Citizens Guide to Wildfire Terminology

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T HE

CI T IZENS

GUIDE

FOR

WILDFIRE TERMINOLOGY


REP ORT ING

SIZE-UP! WHAT IS THE SIZE?

SMALL SPOT About the size of a campfire

LARGE SPOT About the size of a bonfire

ONE ACRE ≈ FOOTBALL FIELD If it is larger than a bonfire, the fire is described in square feet or acreage

WHAT TYPE OF FUEL IS BURNING? LIGHT FUELS Grass, weeds, and hay

MEDIUM FUELS Sagebrush/Vegetation 3-5 ft high

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HEAVY FUELS Forested or wooded areas

TRUCKEE MEADOWS FIRE PROTECTION DISTRICT


If you are calling 911 to report a fire, these factors are helpful to both Dispatch and to the Fire Department :

WHAT IS THE RATE OF SPREAD?

SLOW Walking speed or no spread

MODERATE Jogging Speed

FAST Running Speed, usually influenced by topography or wind

WHAT IS THREATENED? STRUCTURES Are there structures nearby? How far away to the nearest structure?

SUBDIVISION Is the fire moving towards structures? Is one structure at risk or an entire subdivision?

LIVESTOCK Is the fire moving towards livestock?

TANKS Is the fire moving towards any outside tanks, like propane or fuel?

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OUR

VEHICLES T M F R S P EC I F I C AT I O N S

TYPE 1 STRUCTURE ENGINE Used for structure protection, a Type 1 Engine has a 750 gallon tank capacity and is capable of pumping 1500 gallons per minute. The engine carries up to 4 personnel and is equipped with 1 ¾ inch hose, 2 ½ inch hose, 3 inch hose, 5 inch hose and ladders.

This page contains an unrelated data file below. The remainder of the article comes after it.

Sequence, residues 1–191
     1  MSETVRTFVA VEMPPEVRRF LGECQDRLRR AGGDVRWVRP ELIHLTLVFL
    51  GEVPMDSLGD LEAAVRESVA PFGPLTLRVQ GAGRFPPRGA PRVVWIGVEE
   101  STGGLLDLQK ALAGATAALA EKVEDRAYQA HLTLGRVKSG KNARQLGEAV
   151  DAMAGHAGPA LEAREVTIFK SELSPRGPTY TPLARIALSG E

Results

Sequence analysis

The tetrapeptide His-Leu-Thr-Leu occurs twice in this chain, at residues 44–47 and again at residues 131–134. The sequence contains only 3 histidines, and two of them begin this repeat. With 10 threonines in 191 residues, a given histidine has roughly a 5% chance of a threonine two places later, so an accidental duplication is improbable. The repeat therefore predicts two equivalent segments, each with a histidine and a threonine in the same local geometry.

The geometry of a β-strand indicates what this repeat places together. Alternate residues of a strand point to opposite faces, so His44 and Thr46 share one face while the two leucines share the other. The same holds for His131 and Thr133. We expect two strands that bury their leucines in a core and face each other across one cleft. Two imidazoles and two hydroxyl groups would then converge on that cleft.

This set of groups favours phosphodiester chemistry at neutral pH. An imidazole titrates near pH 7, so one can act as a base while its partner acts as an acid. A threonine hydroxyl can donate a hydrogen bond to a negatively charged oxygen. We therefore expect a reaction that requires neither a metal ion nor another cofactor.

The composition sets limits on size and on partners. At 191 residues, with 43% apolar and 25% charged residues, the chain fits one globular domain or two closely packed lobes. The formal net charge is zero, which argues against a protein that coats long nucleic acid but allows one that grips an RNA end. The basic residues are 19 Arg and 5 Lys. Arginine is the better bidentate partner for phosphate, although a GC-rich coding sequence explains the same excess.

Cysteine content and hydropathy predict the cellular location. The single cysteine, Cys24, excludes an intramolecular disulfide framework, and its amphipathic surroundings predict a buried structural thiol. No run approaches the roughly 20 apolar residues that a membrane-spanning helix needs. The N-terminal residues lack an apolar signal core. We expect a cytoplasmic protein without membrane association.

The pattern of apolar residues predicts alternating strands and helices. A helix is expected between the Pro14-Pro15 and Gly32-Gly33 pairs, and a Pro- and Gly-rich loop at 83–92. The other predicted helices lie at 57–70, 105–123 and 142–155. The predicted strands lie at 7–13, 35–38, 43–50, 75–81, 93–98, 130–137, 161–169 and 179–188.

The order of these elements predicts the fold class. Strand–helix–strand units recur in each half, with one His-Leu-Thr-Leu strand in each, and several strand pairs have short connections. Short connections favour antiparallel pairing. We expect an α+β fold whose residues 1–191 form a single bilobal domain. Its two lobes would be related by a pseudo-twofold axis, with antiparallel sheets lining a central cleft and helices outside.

TYPE 3 BRUSH ENGINE

Used for off road fire attack, a Type 3 Engine has a minimum 500 gallon capacity and a minimum pump flow of 500 gallons per minute. The engine is 4 wheel drive, carries up to 4 personnel, is equipped with 1 inch hose, 1 ½ inch hose, 3 inch hose, and has the ability to pump and roll.

WATER TENDER Used to resupply engines or fill portable tanks, water tenders carry up to 3,000 gallons of water with an offload capacity of 500 gallons per minute. Water tenders are a vital component to fighting fires in areas that are without water hydrants.

TYPE 5 BRUSH ENGINE Used for direct attack on wildfires, a Type 5 engine carries a minimum of 150 gallons. This apparatus carries 4 personnel, is equipped with 1 inch hose, 1 ½ inch hose, can access areas a Type 3 can’t get to, and has the ability to pump and roll.

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TRUCKEE MEADOWS FIRE PROTECTION DISTRICT


LADDER TRUCK The quintuple combination pumper, or a ladder truck has a 100-foot aerial platform used for fighting large scale fires. It can carry 250 gallons of water capable of pumping 2,000 gallons per minute. It is also equipped with advanced extrication equipment and tools for rescue and firefighting operations. Throughout the Fire District there are many residences, multi-family dwellings, and commercial occupancies that exceed the reach of the District’s ground ladders.

AMBULANCE The Fire District operates two ambulance at two strategically located District fire stations. The District always has at least one paramedic on duty at every station. Each ambulance is equipped to transport patients to hospitals.

DOZER The Fire District has two fire dozers that are used to construct fire lines by blading the ground, and removing combustible plant material down to bare soil.

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OUR

AIR SUPPORT

PHOTO © RYAN COULTER | WWW.MACHIMAGES.COM

NEVADA DEVISION OF FORESTRY (NDF) HELICOPTERS NDF has a primary focus of inter-agency sharing of resources for wildland firefighting. NDF has 3 helicopters based at the MindenTahoe Airport. The helicopters also transport ground firefighters and are capable of hoist operations.

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TRUCKEE MEADOWS FIRE PROTECTION DISTRICT